Crowther Audio for me is all about their standard Hotcake Overdrive or 3-knob MKII version really. The original only has 2 knobs, and there is a lower gain 'Bluesberry' edition which occasionally does the rounds. This though is an excellent all-rounded overdrive in OCD / Timmy / Red Snapper territory. I really need to acquire all of those to be able to accurately extract the exact tonal differences and come to a more scientific basis of comparison and preference. I have a Menatone Red Snapper on the acquisition list too - along with the new custom shop Germanium OCD which is due in July!
Flux Effects Liquid Ambience Reverb has appeared on a multitude of pedalboards - while the Liquid Tremolo and Slipstream delay are more recent additions to the range. Many love the particular dynamics of this Reverb, while I typically go more for a broader workstation style of Reverb pedal. Yet for many this is the perfect all-round reverb - probably still worth a look-in. I featured the Liquid Ambience in my Spacey Reverbs feature.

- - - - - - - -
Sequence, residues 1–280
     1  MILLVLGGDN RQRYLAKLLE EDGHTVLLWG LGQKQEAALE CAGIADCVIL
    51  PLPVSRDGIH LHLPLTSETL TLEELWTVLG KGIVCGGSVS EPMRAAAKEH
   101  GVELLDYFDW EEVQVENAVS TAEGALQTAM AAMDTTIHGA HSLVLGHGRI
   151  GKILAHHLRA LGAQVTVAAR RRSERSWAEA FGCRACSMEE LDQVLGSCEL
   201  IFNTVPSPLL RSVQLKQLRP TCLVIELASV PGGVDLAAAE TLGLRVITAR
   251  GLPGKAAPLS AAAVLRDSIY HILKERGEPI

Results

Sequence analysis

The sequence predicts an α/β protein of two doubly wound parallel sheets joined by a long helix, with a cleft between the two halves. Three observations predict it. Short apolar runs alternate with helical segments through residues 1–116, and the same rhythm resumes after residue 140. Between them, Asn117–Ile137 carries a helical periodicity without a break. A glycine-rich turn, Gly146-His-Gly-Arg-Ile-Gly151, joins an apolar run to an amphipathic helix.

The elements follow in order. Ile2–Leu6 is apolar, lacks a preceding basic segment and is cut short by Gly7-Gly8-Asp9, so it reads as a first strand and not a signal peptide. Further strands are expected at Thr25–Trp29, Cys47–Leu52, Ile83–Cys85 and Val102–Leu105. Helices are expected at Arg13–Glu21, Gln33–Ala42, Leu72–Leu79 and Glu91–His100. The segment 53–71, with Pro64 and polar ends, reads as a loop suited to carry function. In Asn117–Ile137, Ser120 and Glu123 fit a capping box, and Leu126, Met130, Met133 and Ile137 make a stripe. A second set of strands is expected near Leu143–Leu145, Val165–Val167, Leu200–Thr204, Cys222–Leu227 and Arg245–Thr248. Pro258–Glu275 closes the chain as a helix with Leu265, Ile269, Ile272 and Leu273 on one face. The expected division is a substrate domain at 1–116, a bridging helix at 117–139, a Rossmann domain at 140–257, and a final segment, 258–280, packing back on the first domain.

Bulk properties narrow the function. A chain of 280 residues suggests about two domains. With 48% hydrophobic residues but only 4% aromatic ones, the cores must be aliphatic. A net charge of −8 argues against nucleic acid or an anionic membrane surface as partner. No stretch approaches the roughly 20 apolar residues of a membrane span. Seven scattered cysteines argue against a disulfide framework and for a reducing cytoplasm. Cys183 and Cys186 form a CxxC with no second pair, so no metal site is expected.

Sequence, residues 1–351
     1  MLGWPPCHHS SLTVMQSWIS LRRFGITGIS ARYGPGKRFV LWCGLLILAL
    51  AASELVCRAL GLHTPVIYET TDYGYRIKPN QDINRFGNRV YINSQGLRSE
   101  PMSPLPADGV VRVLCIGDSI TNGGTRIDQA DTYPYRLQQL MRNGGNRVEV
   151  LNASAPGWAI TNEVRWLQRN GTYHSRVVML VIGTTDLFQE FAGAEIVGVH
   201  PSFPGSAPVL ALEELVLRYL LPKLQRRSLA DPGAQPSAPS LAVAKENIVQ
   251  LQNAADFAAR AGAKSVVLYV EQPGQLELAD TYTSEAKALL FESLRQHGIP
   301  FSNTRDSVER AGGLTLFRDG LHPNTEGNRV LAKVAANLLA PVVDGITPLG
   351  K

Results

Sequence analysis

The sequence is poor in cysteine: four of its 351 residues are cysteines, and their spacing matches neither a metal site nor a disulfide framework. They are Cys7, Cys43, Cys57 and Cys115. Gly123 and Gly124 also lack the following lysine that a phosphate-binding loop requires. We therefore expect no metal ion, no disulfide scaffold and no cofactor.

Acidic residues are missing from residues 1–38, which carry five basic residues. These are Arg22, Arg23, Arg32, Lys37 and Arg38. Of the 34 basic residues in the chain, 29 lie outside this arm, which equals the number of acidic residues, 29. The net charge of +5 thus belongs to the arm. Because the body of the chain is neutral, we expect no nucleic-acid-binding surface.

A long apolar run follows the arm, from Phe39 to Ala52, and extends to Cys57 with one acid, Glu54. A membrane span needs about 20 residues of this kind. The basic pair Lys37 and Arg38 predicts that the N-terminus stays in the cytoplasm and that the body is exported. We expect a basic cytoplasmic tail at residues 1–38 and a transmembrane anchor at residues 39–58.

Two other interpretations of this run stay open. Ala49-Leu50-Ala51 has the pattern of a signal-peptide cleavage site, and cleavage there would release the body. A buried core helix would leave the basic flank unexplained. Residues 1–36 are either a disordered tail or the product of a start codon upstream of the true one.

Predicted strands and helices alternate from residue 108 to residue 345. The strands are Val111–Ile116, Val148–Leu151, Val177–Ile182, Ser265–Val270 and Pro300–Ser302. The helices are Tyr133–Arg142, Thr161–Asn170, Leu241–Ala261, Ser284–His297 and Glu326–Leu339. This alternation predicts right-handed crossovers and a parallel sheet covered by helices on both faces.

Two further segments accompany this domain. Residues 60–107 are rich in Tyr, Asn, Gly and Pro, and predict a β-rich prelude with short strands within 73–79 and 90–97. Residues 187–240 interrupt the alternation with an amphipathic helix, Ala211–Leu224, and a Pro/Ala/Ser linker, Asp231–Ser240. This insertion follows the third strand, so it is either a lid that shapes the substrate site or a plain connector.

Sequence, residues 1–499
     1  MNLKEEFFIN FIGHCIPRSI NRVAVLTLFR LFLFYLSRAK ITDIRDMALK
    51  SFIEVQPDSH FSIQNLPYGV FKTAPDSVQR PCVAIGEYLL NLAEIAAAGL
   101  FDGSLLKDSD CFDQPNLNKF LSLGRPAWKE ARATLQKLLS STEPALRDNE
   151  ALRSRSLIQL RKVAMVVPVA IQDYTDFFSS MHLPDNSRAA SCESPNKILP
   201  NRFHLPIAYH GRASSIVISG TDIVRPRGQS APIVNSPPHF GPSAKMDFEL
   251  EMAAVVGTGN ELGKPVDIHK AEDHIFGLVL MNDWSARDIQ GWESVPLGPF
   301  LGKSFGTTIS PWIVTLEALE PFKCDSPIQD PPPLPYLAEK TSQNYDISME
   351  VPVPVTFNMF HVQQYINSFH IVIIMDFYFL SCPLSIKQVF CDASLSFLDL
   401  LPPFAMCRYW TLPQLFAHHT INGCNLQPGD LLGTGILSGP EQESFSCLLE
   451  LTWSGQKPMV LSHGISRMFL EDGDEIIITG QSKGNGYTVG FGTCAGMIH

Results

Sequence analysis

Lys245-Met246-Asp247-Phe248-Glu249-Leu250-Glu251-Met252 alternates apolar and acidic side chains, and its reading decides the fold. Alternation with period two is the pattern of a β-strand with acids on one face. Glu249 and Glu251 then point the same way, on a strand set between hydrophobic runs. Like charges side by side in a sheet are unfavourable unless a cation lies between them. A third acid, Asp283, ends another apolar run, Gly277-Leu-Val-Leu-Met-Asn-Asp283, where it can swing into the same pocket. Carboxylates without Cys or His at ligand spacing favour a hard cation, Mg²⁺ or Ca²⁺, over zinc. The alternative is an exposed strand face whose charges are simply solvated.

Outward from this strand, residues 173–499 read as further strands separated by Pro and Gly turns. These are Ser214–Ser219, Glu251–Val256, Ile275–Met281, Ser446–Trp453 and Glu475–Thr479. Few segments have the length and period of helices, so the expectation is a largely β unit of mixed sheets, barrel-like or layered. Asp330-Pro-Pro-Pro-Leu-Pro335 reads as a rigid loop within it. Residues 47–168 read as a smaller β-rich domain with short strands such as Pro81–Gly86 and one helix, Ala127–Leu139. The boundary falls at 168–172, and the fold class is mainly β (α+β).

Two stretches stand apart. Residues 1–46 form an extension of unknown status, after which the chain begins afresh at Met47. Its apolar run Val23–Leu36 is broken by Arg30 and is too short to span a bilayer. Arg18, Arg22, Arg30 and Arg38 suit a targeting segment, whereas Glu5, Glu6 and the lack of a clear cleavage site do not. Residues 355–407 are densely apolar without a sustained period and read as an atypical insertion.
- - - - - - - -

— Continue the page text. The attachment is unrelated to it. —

Hirofumi Uchino's brand is frequently associated with his land of birth rather than his chosen residence in New South Wales, Australia. I've been tracking this brand for a very long time though, and have featured several of his pedals on this site in various categories. It tends to be the fuzzes though I'm most switched onto - and of those - I am still desperate to get my hands on the Super Oscillo Fuzz - and probably Gomorrah and Octavella fuzzes too. I keep meaning to get one or two of these - but the price is not always right and other priorities take precedence - it will definitely happen some day soon though!